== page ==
This may come as a surprise (or maybe not) to my husband Burt, but every time we enjoy Chinese food, my thoughts – usually while he is trying to explain some complicated financial issue to my non-existent left brain – are drifting back in time to an amazing woman named Margaret.
I met her when I was a volunteer on a 10-bed hospice ward in a large Los Angeles hospital. She was in her early 60s and lived alone until her illness progressed to the point where she needed hospice care. Because her younger sister, Emma, arrived from Texas, I didn’t get to meet Margaret until a week after she had been admitted. Emma was an overwhelming presence on the ward. She came every day and rarely left the room. She fussed over Margaret, talked incessantly, read out loud (very loud) from the Bible and shooed away the volunteers. She drove the doctors and nurses crazy.
Nobody realized Emma was also driving Margaret crazy until the day Emma was sick and stayed away. When I walked into the room, there was Margaret, a tiny figure curled up under the blankets. Although the nurses had briefed me that Margaret was not interested either in eating or talking, I was determined to give it a try.
Leaning over the bed, I touched her lightly and said, “Hello Margaret, I’m Bobbie, one of the volunteers." She shifted slightly, turning her small face towards mine. “Do you need anything? I asked. “Do you feel like talking?”
She said, “No. I’m just lying here praying to graduate.” It was not the first time I had heard the term “graduate” rather than “die.” Hospice training emphasizes one be a good listener, non-judgmental regardless of personal beliefs and, above all, never to tell someone not to feel what he or she is feeling, which is a pretty good rule to follow in any relationship.
When I smiled at her, she asked, “Did I shock you?”
“Not particularly,” I answered. Then she went on to explain the word “graduate” felt more reassuring to her than saying she just wanted to die. “But I can’t say graduate OR die to my sister,” Margaret added. “She keeps telling me how good I look and that I’m going to get well. Do your think I’m going to get well?” Hmm, this is where hospice training really comes in handy.
I pulled a chair up close to the bed and said, “I don’t know. What do YOU think?” “Heavens no,” she said, “I’ve accepted this, but my sister refuses to.” Then Margaret asked if I would help her sit up against the pillows. She suddenly wanted to talk about her husband, Harry, who had died of cancer 10 years before. “He promised to be waiting when I cross over.” She watched for my reaction then added, “My sister thinks this is all nonsense, you know.” Then she got a defiant look on her face. “Listen,” she said, “Harry never let me down in all the years we had together. Why would he let me down now?” She clearly wanted to talk. She looked around to make sure we were alone in the room. “You know what?” she asked, in a conspiratorial whisper. “I really feel Harry’s presence sometimes – like he is just waiting for me to join him. Last night I think I saw him up in that corner,” she said, pointing toward the ceiling.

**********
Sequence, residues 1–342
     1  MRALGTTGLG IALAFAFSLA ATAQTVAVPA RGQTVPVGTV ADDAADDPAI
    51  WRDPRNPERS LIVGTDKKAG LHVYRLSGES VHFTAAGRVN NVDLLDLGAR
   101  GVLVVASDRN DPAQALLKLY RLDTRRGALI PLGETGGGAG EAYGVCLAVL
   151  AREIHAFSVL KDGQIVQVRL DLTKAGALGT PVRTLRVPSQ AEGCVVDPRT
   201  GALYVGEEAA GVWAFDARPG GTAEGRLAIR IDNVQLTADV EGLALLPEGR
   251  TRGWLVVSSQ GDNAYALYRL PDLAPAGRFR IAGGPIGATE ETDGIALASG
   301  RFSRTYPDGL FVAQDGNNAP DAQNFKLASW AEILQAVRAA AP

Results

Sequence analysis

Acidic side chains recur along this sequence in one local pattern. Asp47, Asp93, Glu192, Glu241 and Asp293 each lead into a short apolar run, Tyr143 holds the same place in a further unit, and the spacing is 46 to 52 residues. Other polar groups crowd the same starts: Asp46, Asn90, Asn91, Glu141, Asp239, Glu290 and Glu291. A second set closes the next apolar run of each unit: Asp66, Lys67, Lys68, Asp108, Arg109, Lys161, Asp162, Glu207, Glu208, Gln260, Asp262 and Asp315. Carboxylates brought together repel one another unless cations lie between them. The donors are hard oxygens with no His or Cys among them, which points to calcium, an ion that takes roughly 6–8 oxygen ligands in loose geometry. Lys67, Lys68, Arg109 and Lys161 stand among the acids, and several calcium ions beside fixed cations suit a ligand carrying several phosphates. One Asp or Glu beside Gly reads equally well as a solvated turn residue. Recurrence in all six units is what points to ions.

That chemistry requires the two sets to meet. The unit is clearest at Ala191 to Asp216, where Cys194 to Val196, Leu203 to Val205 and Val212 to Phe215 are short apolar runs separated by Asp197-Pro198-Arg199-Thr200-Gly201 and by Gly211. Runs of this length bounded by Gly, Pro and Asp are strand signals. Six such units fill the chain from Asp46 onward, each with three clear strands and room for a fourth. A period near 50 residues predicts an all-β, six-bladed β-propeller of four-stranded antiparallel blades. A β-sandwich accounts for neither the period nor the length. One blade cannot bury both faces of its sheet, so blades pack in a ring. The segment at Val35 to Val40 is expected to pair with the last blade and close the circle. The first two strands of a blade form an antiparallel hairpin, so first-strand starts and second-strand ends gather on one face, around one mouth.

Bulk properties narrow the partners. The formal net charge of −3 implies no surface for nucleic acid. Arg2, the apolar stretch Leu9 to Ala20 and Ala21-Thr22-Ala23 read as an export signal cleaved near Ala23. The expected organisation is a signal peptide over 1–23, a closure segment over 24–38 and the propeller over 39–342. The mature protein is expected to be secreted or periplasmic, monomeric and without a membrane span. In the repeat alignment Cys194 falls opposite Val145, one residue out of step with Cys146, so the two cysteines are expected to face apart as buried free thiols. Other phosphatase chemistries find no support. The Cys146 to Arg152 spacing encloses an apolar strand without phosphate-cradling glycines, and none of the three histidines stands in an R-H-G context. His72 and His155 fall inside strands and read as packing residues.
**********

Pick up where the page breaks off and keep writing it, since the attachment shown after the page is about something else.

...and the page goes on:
When I didn’t react, she surprised me by asking for some sherbet from the nurse’s station, and as I fed her little bites, I kept thinking how rewarding this felt and how I did not want to leave that room. Some kind of a special bond had taken place. I left the hospice ward that day on winged feet and started visiting Margaret in the evenings to avoid her sister Emma.
One night Margaret told me that she had two last definite wishes: one was to taste Chinese food again, and the other was to escape the hospice ward and get back to Texas so she could see her favorite nieces before she died. I was far from confident about the second wish, but I will never forget the night we shared a Chinese feast in her room, just the two of us. (There were few restrictions on that hospice ward, and nobody questioned my bag of Chinese goodies). With soy sauce on both our faces, we giggled like school girls.
I’ll never know how she pulled it off, but three weeks after our first meeting, Margaret checked out of the hospital, traveled by ambulance to the airport, and flew back to Texas with Emma.
We continued our “love affair” by telephone for six more days. I was not surprised when Emma called to say her sister had died peacefully with a smile on her face and her nieces at the bedside.
To this day, whenever we have Chinese food, I think of my remarkable Margaret and feel blessed that she crossed my path if only for a short while. What a woman!
Bobbie Lippman is a professional writer who lives in Seal Rock with her husband, Burt, their dog, Charley, and a shelter cat named Lap Sitter. Bobbie can be contacted at firstname.lastname@example.orgFor the complete article see the 02-01-2013 issue.
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